A new academic year, a new blog post. I would like to welcome all new-comers to the lab and I hope those of you who are new to Leicester have now settled in. It was great to see such a large turn-out at our first event of the term. Like many of you, I have just begun a new phase in my academic career, as I officially commenced my PhD last Monday. I am one of the very fortunate few to have secured funding, researching nineteenth-century science and print culture as part of the ConSciCom Project. My first week was something I had anticipated for around five months, after my application for the studentship proved successful. I have heard so much about the euphoric highs and abysmal lows of doctoral research from my friends in academia, but this was the point at which I began my own three year odyssey. I would like to share with you my first impressions of life as a PhD student.
I completed both my BA and MA at Leicester, and spent seven months of my year out working in the university library, so my first week in many respects did not feel like a hugely different experience. Although I'm incredibly happy to be here, I do sometimes wonder if I will ever leave. In 500 years time, archaeologists will probably unearth my skeleton in a local car park, my spine crooked from far too many hours spent hunched in front of a computer.
As I sat down at my desk on Monday morning, there was the overwhelming sense of 'Where to start?' I cannot emphasise the weirdness of beginning what is essentially a full-time job, yet the time being almost entirely your own, to do with as you please. In the absence of any better ideas, I read a book (one relevant to my research, I should add). In fact, I spent a large amount of my time during the week just sitting and reading. I admit it doesn't make for the most exciting narrative, but I happen to enjoy it. Occasionally, I went to the library to borrow some more books, then immediately regretted this decision when I came face to face with the Fresher hordes. I would then retreat, feeling old and untrendy.
Wednesday was a big day, as it involved induction events for the School of English (for reasons I won't bore you with, and despite being a historian, I'm based in the English Department). I attended the events relevant to new PhDs, including the inevitable round-table session in which each student introduces themselves and their research, much in the manner of an addiction support group: 'Hi, I'm Matthew Wale and I study nineteenth-century science periodicals'. This was followed by a welcome reception, complete with free wine and food, which are obligatory wherever academics gather en masse. As a new PhD student attending social events of this kind, you very quickly learn to condense the explanation of your research into as short a summary as possible. Everybody you meet will at some point ask the question: 'So, what are you working on'. No matter how passionate you are about your chosen subject, repeatedly explaining it over the course of a few days encourages you to be succinct, as you begin to tire of your own voice. It is, however, always genuinely fascinating to hear about everyone else's research and a joy to meet so many people who are unapologetically enthusiastic about their particular fields of study.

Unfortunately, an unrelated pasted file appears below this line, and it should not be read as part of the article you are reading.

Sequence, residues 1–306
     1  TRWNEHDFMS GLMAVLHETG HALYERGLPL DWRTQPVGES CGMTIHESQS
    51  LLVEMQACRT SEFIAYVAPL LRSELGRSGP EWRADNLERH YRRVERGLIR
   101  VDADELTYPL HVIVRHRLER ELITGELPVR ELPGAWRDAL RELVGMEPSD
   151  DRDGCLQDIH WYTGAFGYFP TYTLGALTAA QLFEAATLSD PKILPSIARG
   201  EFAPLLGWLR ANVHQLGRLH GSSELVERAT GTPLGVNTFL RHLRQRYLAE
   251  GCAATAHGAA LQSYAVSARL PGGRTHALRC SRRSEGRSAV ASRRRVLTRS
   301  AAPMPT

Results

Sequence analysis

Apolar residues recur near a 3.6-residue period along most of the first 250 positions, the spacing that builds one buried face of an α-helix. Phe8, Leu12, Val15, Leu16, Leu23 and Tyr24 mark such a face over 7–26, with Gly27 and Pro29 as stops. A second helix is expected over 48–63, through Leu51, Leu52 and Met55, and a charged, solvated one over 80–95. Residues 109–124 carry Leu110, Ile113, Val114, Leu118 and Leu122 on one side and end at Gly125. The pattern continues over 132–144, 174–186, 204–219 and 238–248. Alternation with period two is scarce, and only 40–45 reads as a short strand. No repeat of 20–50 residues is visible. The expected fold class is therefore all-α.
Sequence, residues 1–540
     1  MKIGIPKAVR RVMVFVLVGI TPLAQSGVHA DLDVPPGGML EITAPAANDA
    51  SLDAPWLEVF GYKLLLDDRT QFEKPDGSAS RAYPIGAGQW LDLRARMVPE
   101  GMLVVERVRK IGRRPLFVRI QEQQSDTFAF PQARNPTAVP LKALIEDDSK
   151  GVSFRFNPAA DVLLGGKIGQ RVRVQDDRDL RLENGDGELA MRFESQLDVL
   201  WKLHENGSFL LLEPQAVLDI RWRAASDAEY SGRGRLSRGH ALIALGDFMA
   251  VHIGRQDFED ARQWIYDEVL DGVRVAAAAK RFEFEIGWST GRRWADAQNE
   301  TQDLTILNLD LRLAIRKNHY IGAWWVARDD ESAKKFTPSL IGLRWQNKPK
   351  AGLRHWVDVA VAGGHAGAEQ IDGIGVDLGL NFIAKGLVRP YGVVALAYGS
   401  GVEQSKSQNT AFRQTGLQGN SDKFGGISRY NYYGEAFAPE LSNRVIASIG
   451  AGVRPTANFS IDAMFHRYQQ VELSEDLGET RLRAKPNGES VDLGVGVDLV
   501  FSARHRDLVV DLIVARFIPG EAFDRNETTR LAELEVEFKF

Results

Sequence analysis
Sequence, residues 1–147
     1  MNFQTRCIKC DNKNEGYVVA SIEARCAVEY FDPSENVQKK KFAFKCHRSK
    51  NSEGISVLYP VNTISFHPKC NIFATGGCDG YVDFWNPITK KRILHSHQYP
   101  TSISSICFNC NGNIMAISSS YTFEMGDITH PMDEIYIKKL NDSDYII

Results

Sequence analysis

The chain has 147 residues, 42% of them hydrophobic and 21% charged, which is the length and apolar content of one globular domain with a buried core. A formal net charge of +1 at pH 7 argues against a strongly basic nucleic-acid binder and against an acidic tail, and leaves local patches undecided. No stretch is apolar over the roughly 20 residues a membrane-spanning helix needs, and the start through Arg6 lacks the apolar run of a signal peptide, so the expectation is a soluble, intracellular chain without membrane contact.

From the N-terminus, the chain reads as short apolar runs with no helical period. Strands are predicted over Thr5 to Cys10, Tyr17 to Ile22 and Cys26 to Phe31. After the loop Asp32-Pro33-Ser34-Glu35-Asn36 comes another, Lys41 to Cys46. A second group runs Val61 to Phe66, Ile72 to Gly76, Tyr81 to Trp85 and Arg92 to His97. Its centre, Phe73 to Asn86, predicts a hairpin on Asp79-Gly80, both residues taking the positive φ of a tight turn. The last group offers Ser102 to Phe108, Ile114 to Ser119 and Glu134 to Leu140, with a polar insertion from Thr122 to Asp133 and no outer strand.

I have been repeatedly informed by both fellow students and academics that a PhD is lonely endeavour. My first week, by contrast, has been very sociable. Long may this continue! Despite this, I have come to the conclusion that regularly working from home is a dangerous thing. I am currently living entirely alone for the first time in my life, which has both benefits and potential problems. Whilst I am never disturbed by parents or housemates, there is always the risk that I could go an unhealthy length of time without any form of human interaction. After some consideration, I came up with two possible solutions to this. I could, like Tom Hanks' character in Cast Away, draw a face on a football and speak to it whenever I felt the need for conversation ('Wilson!'). Alternatively, I could try and get out the house more. I have decided the latter option is probably the best and consequently I have resolved to spend more time working on campus (unfortunately, English research students don't get designated offices). I hope this will give at least the illusion of a 9-5ish job and go some way to maintaining my grip on sanity (a tenuous thing amongst postgraduates).
Although I got a fair amount of reading done, I admit that very little actual primary research occurred in my first week. I like to imagine this is fairly typical, but I have been seeking to remedy this in my second week. I did, however, find time to join Twitter. You can follow the continued adventures of a doctoral research student at https://twitter.com/mrmrwale, though I have yet to master the art of the Twitterati.
Good luck everyone, whatever it is you're working on. I look forward to seeing you all at future labs.